As we speak, there is no word yet of a verdict in the trial of Oprah Winfrey in Federal District Court in Amarillo, Texas, on charges of having defamed beef patties. After listening to a Montana cattle rancher worry about mad-cow disease on her syndicated talk show in April 1996, Winfrey told a studio audience and millions of viewers: “It has just stopped me cold from eating another burger! I’m stopped!” The next day, cattle futures prices fell from 62 cents to 55 cents a pound. Other futures prices plunged, too, unrelated to red meat, but a thundering-hoofbeat lobby aligned with the Texas Beef Group sued Winfrey for $12 million anyway, under the False Disparagement of Perishable Food Products Act of 1995.
I am not here to discuss the constitutionality, not to mention the chilling effect, of libel laws to protect whatever chemicals the food industry sticks into our fodder to Twinkie its shelf life past Armageddon. Nor will I discuss bovine spongiform encephalopathy and Creutzfeldt-Jakob disease or even vegetarianism. I am here instead to celebrate Winfrey. Those mystical powers imputed to her to unsell meat are indisputable when it comes to doing the opposite for books. If she likes a book in public, not only will her audience buy it, but it’s more likely to show up on film. And she’s admirably determined to use this clout on behalf of African-American literature. Whether we approve of what Steven Spielberg did to Alice Walker’s The Color Purple, Winfrey wanted a role – and surprised us by deserving it. While we may be dubious about her casting herself as Sethe in the forthcoming big-screen adaptation of Beloved, at least she bought the movie rights to Toni Morrison’s magnificent novel and hired Jonathan Demme to direct it. She brought Gloria Naylor’s The Women of Brewster Place to television and, in the starring role of Mattie, suffered enough to wear out God. Her Harpo Films production company is also at work on Zora Neale Hurston’s Their Eyes Were Watching God and Anchee Min’s Katherine. And this week, Winfrey executive-produces the mini-series version of Dorothy West’s The Wedding (Sunday and Monday, February 22 and 23; 9 to 11 p.m.; ABC).
West is the oldest surviving star of the Harlem Renaissance, that flowering in the twenties of black writers, artists, and musicians that included Hurston and Langston Hughes, James Weldon Johnson, Claude McKay and Jean Toomer, Paul Robeson and Bessie Smith. West was rediscovered, at age 88, by Jacqueline Kennedy Onassis, scouting for Doubleday in Martha’s Vineyard. The Wedding (1995) was West’s first novel in 47 years. It’s no Beloved, but it addresses incendiary issues Morrison herself has explored in both Tar Baby and Paradise. How much black is too much black for the social comfort of the mixed-race bourgeoisie? In the sandy summer of 1953, on the eve of the marriage of Shelby Coles (Halle Berry), the light-skinned daughter of a doctor, to Meade Howell (Eric Thal), a penurious white jazz musician, the Coles family and its neighbors in the “Oval” – a prideful community of wealthy black professionals in the Oak Bluffs section of Martha’s Vineyard where Dorothy West has passed so many decades – must face up to their own skin code and class snobbery.
On the one hand, Shelby’s matriarchal great-grandmother, Gram (Shirley Knight), has to be pleased that Shelby’s marrying white. Gram was herself the daughter of a slave owner. If her own spinster daughter was desperate enough to marry a black man, at least he was a college professor. Gram has made it her breeding business ever since to see that each succeeding generation be upwardly mobilized and lighter-skinned. Thus, her granddaughter Corinne (Lynn Whitfield) was married off lovelessly to the credentialed Clark Coles (Michael Warren) – whose own mother, Helen (Marianne Jean-Baptiste), happens to be a slumlord. When Clark and Corinne’s older daughter, Liz (Cynda Williams), fell in love with a too-black Lincoln Otis (Richard Brooks), his parents weren’t even invited to the wedding – and so the couple eloped, with Lincoln resolving never to set foot again in the Oval. On the other hand, Meade, while white, is unfortunately poor – and his parents refuse to attend his wedding to high-yellow Shelby. On the third hand, while Meade plays a sad piano, Shelby is strangely attracted to a dark and angry visitor to the Vineyard, Lute McNeil (Carl Lumbly), who proposes to dump his white wife.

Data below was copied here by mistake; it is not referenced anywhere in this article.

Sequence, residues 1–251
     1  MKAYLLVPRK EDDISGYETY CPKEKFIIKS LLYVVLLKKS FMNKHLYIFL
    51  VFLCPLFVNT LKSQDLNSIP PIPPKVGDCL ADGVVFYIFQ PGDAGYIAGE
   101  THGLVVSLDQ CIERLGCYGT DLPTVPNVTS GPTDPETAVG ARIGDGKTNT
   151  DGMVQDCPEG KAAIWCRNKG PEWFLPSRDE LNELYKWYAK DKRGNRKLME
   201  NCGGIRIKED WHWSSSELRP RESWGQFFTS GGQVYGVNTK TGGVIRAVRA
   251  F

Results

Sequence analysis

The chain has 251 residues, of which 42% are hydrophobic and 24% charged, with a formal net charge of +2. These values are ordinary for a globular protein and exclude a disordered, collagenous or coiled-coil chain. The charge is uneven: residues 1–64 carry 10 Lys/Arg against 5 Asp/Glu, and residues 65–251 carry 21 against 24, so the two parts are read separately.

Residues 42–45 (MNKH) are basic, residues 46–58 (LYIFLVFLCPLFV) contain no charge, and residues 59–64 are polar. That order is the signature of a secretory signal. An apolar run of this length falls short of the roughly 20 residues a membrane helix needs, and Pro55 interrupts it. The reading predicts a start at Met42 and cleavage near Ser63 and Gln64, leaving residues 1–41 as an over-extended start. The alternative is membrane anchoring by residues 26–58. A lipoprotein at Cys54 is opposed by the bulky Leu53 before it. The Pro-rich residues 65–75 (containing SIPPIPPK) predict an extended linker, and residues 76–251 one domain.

To the glowering Lute at a country club, quite as if her own husband weren’t about to run off to Paris with his nurse, Shelby’s unhappy mother, Corinne, announces, “You can never buy background. You can’t rent breeding.”
These are ferocious ironies – tricked up for mini-series purposes in soap-operatic and Romance Classics haberdashery, with the usual lurid flashbacks. Halle Berry is much more assured as a troubled ingenue than she was as Alex Haley’s Queen, or playing Sheba to the Solomon of Jimmy Smits on Showtime. Lynn Whitfield, so splendid on HBO as Josephine Baker, deserves better than the status-scrabbling Coinne. Carl Lumbly, even on Cagney & Lacey, and Michael Warren, even on Hill Street Blues, have always been more complicated than the roles to which television assigns them. Shirley Knight, of course, is a monstrous marvel. How odd that the last gasp of the Harlem Renaissance after all these years should have come down to a pair of white victims – the wife and the jazz pianist – suffering the internal contradictions of the black bourgeoisie, as if history had turned the tables on the usual abusive partners. And how grateful we should be to Winfrey for giving us something in network prime time to think about, and to flinch from: a market exchange of identities.